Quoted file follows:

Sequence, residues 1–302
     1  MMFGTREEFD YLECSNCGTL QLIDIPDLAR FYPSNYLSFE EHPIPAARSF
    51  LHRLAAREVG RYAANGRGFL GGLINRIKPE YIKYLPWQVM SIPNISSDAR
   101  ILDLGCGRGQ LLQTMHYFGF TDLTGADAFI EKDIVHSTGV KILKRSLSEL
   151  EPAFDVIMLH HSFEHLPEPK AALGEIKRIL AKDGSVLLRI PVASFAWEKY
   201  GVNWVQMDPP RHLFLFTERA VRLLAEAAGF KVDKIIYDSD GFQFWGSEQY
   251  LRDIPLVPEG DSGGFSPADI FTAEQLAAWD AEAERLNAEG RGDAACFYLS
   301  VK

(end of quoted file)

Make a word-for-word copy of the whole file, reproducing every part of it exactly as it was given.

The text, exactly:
Sequence, residues 1–302
     1  MMFGTREEFD YLECSNCGTL QLIDIPDLAR FYPSNYLSFE EHPIPAARSF
    51  LHRLAAREVG RYAANGRGFL GGLINRIKPE YIKYLPWQVM SIPNISSDAR
   101  ILDLGCGRGQ LLQTMHYFGF TDLTGADAFI EKDIVHSTGV KILKRSLSEL
   151  EPAFDVIMLH HSFEHLPEPK AALGEIKRIL AKDGSVLLRI PVASFAWEKY
   201  GVNWVQMDPP RHLFLFTERA VRLLAEAAGF KVDKIIYDSD GFQFWGSEQY
   251  LRDIPLVPEG DSGGFSPADI FTAEQLAAWD AEAERLNAEG RGDAACFYLS
   301  VK